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The Jewish Ethicist: Shameful Shaming

The Jewish Ethicist: Shameful Shaming

Can I threaten to spread the word about someone who cheated me?

by

Q. My tenant caused me a large loss by canceling his lease on short notice. Can I shame him into making good my loss by threatening to bad-mouth him in our closely knit community?

A. Any kind of extra-legal sanctions should be viewed as a last resort. When you write that the cancellation "caused a loss," you must mean that it violated some explicit clause in the lease agreement specifying requirements for advance notice. If so, the same agreement presumably also dictates what the penalty is for breaching this requirement. If so, then your first course of action should be to seek a neutral forum, such as litigation, arbitration, or mediation, to uphold and enforce your claim.

If neither contract nor custom obligate the tenant to pay a fine, then it is certainly improper to shame him into paying one. This is no more than a kind of extortion.

However, sometimes there may be obstacles to legal recourse. Some obligations may be unrecorded, or informal, or not enforceable. In this case, it is sometimes appropriate to spread the story to others in order to enforce our rights. Rabbi Yisrael Meir HaKohen of Radin, in his classic work on slander Chafetz Chaim, learns this from the following story in the Talmud:

Rav Gidel sought to buy a certain plot of land. Along came Rebbe Abba and bought it [first]. Rav Gidel went and complained to Rebbe Zeira. (1)

Jewish law restricts buying a plot of land if someone else is actively negotiating for it. So Rebbe Abba's purchase seems improper. Yet the transgression is not actionable; a court could not compel Rebbe Abba to sell the field to Rav Gidel. Thus the only recourse left open to Rav Gidel was to complain to some respected rabbinic figures.

However, as the Chafetz Chaim is careful to point out, Rav Gidel did not "bad-mouth" Rebbe Abba. His object was not to shame him but rather to turn to specific individuals who could persuade Rebbe Abba to offer some kind of settlement. The book makes clear that any intention whatsoever to shame the supposed wrongdoer is improper; all that is permitted is to turn to other individuals who have some specific ability to right the wrong.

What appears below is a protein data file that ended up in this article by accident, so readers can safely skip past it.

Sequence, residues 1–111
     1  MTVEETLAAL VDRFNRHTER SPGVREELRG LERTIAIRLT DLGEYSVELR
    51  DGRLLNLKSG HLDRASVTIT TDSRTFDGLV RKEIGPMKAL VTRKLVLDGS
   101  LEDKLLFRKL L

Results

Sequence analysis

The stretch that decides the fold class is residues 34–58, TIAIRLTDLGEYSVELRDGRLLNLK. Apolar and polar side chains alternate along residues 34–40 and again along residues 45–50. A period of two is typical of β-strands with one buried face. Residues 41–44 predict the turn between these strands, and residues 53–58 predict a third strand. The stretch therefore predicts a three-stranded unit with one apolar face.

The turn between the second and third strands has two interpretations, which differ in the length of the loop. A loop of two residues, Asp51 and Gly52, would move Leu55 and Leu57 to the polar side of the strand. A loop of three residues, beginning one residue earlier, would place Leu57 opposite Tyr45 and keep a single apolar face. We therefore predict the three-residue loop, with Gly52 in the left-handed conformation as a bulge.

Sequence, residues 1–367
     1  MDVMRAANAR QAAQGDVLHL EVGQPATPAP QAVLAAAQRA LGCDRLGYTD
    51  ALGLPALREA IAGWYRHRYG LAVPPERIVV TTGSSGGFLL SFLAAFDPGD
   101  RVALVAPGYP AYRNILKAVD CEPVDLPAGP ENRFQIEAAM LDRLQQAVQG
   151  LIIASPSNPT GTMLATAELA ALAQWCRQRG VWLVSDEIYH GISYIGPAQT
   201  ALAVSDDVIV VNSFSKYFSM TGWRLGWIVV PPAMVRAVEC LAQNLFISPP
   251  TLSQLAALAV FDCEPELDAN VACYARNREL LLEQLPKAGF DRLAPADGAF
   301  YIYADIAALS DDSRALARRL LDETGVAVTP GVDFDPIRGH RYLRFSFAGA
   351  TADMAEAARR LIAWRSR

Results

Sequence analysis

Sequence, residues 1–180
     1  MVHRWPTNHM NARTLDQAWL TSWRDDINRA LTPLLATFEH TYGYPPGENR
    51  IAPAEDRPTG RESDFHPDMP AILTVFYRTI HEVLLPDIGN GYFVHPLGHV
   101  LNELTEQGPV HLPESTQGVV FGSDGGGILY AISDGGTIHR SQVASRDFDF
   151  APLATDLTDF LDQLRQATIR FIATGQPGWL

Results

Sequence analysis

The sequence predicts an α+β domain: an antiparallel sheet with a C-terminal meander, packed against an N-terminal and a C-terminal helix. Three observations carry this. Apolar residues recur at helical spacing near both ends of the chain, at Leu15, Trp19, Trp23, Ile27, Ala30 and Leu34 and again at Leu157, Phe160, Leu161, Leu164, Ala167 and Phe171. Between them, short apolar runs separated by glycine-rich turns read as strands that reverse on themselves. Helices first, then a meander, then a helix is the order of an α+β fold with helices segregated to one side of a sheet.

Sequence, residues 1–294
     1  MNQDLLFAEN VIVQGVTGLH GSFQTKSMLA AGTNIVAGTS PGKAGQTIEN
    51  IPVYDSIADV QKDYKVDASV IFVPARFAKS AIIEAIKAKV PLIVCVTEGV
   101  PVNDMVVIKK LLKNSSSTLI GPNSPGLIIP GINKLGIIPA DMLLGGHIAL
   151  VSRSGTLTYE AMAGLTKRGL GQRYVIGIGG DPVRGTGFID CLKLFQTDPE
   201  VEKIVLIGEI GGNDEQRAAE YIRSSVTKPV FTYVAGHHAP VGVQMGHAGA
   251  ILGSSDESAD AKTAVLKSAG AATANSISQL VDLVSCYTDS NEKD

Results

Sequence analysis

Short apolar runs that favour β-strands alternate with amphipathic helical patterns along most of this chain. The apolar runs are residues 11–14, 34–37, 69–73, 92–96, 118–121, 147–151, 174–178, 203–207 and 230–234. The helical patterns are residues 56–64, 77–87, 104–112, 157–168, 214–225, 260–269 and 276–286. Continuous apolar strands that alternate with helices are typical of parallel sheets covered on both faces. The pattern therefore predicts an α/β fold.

"It seems to me that if he estimates that by telling other people how such a person did him an injustice in monetary matters and the like that this could bring him such future benefit, for example by telling people who have influence on [the wrongdoer],... it is permissible for him to tell them and to ask them to help him... It is permissible to tell others even though the story will embarrass his fellow, because this is not his intention. He only wants to protect himself so that he won't suffer any damage or sorrow or shame." (2)

The best place for you to resolve your disagreement with your tenant is in some kind of impartial forum. If you are convinced that you deserve some kind of settlement but for some reason litigation or arbitration are unable to enforce one, then it may be proper for you to turn to specific individuals who will be able in a discreet and pertinent way to help you attain one.

But it is certainly improper to publicly shame someone, or to threaten to do so. As we learn from the Chafetz Chaim, even turning to others in a permissible way is forbidden if our intention is not for reasonable self protection but rather to defame others.

SOURCES: (1) Babylonian Talmud Kiddushin 59a. (2) Chafetz Chaim volume I chapter 10:13.

Send your queries about ethics in the workplace to jewishethicist@aish.com

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The Jewish Ethicist presents some general principles of Jewish law. For specific questions and direct application, please consult a qualified Rabbi.

The Jewish Ethicist is a joint project of Aish.com and the Business Ethics Center of Jerusalem. To find out more about business ethics and Jewish values for the workplace, visit the Business Ethics Center of Jerusalem at www.besr.org.

Published: July 8, 2006


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Visitor Comments: 3

(3) Natalie Kehr, October 18, 2007 11:15 AM

It is a public duty to tell

When I have been cheated or exploited by local firms I regard it as my public duty to make the facts known as widely as possible, and I certainly wish to know about the experiences my friends and acquaintances have had. Anyone wishing to buy a computer is welcome to ALL the correspondence I have had with my computer supplier, and they will then be in better position to decide what to buy. They may still decide to use the same company. Most people have horror stories about computers. However factual publicity is the only weapon some customers have at their disposal.

(2) Anonymous, July 17, 2006 12:00 AM

erg

thank you

(1) Anna, July 11, 2006 12:00 AM

Do warn others

My late stepfather used to say 'They only do you once.'

I forgot, and allowed myself to be 'done' twice by a local plumber-my fault the second time for forgetting the above advice.

I have, however, warned other people about this firm-I don't want to see my friends being ripped off, and feel that I must prevent it happening.

I feel that one has an obligation to tell others and warn them if a person or firm is likely to rip them off.In my case, I have been very specific -they did x, y & z-rather than simply saying that they are crooks & leaving it at that. They may have done me twice, but they won't do the same to anyone I know if I can help it.

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